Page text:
- The Washington Times - Saturday, September 5, 2009

I’ve seen a number of D.C. United teams over the years, and I’m trying to put my finger on why this squad doesn’t have me jumping out of my seat.

Wait, I have been jumping out of my seat - but for all the wrong reasons.

Goalie Josh Wicks gets into a scuffle on the field with a teammate, then stomps on one of the league’s most prized assets - Seattle’s Fredy Montero - in a U.S. Open Cup loss Wednesday night. Oh, dear.

Don’t get me wrong; this is a good team with decent players, but something is missing.

At first glance, it appears United is lacking a dynamic offense. But the team has 35 goals, tied for the most with Colorado and Salt Lake. So what gives? Well, United’s back line has leaked almost as many goals as the team has scored.

That said, after consecutive shutouts in MLS play, United coach Tom Soehn appears to have fixed his back line, and the introduction of newcomer Julius James as a central defender in a four-man defense looks promising. So now it’s back to the offense to do its job.

It’s often said that United striker Luciano Emilio scores goals in bunches. At the moment he’s going through a dry patch, so hopefully goals are due. Twenty goals was impressive in 2007, and 11 strikes last year was passable. This year the Brazilian has just eight.

United continues to play its attractive brand of soccer, but are opposing teams figuring out its game plan? Cede possession to United in the midfield, tire the players out and then catch them on the counterattack or capitalize on a mistake.

Keeping possession is all well and good, but it’s all for nothing if you don’t execute in the final third. Too many passes in the midfield gives the opponent time to organize. It’s clear United needs to make a quicker transition from defense to offense.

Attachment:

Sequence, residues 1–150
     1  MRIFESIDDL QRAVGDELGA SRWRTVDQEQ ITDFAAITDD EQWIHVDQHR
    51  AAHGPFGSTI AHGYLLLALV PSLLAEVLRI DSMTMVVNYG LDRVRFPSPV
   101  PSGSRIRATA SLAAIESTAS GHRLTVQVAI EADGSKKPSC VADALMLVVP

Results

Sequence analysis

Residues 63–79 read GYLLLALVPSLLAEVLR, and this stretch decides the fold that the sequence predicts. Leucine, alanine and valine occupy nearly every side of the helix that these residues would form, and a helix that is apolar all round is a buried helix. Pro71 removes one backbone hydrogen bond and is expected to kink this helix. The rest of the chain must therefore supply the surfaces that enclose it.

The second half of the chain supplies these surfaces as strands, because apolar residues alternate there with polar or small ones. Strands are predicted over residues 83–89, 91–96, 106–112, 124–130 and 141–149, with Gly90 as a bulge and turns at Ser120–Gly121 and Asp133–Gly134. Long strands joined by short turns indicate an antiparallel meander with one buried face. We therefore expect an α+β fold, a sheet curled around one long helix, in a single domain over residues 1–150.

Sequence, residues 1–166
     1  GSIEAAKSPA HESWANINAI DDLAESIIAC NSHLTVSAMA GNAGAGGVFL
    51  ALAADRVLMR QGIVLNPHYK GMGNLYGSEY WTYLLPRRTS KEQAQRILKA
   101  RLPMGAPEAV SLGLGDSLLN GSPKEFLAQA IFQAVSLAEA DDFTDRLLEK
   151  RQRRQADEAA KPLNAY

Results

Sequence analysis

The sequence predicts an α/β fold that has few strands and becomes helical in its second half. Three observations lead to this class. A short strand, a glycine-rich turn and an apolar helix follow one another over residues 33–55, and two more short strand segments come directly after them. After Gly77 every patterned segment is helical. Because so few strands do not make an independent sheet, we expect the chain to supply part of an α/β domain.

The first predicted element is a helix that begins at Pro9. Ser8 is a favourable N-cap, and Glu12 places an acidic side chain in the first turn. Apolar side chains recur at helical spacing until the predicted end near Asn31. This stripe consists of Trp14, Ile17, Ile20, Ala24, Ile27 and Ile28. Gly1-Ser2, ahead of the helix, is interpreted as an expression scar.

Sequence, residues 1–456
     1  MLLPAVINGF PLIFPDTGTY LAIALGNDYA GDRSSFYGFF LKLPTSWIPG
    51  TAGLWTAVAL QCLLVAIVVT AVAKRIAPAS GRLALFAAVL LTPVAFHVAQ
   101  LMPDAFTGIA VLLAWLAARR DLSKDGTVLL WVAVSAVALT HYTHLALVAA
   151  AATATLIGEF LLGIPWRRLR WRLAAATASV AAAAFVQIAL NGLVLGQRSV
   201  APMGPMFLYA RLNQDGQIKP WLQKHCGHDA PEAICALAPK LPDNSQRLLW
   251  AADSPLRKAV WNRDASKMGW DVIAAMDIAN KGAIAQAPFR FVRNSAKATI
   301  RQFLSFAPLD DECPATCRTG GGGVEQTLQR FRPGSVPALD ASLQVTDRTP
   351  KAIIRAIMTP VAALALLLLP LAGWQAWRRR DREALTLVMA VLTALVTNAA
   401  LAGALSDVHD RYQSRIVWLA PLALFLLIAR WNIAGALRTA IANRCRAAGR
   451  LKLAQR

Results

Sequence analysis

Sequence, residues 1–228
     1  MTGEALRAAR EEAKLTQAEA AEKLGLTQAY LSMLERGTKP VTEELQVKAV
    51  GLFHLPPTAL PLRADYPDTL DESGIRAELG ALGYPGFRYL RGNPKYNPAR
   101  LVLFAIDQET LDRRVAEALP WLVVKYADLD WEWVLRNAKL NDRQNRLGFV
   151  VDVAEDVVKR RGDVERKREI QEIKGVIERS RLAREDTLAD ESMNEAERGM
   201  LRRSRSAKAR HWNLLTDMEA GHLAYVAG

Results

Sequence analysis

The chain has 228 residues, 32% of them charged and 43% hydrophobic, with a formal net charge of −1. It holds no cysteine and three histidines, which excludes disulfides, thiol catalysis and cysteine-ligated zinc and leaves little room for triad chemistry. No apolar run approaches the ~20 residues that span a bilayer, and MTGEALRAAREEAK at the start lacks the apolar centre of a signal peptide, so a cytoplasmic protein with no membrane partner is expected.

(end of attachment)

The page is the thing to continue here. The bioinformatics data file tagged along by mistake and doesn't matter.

There’s no need to panic. The standings are extremely tight, making for an exciting two months as the playoffs near. It seems parity reigns in MLS.

United is a good team, but there are many good teams out there. It’s not enough just to be a good team. For a club to break away from the pack, it needs something special, a player who can change a game. The Los Angeles Galaxy have Landon Donovan. Columbus has Guillermo Barros Schelotto. Seattle has Montero. Which United player will be the game-changer in this crucial final stretch?

Soehn said he has his core team and is poised to take advantage of five upcoming home games. His defense finally is looking better. Dejan Jakovic is a gem, and Bryan Namoff is having a great season.

In the midfield, Fred has been a disappointment, while Christian Gomez and Jaime Moreno no longer have the legs for 90-minute games. Rookies Chris Pontius and Rodney Wallace impressed early on but are feeling the impact of the long pro season.

Forward Santino Quaranta has the passion and potential to be a game-changer. Is this his moment?

And finally, there is a lot riding on midfielder Ben Olsen’s shoulders. Olsen is the heart of this club and takes every loss personally. It may be too much to ask the veteran, who’s running on dodgy ankles, to do more, but his rallying call is what this club needs right now.

United’s locker room has not been harmonious throughout the summer, and there have been many distractions, but the team needs to put all that behind and get a win at FC Dallas on Saturday. The players owe it to the fans who kept waving their banners even while their team went down in defeat at RFK on Wednesday night.

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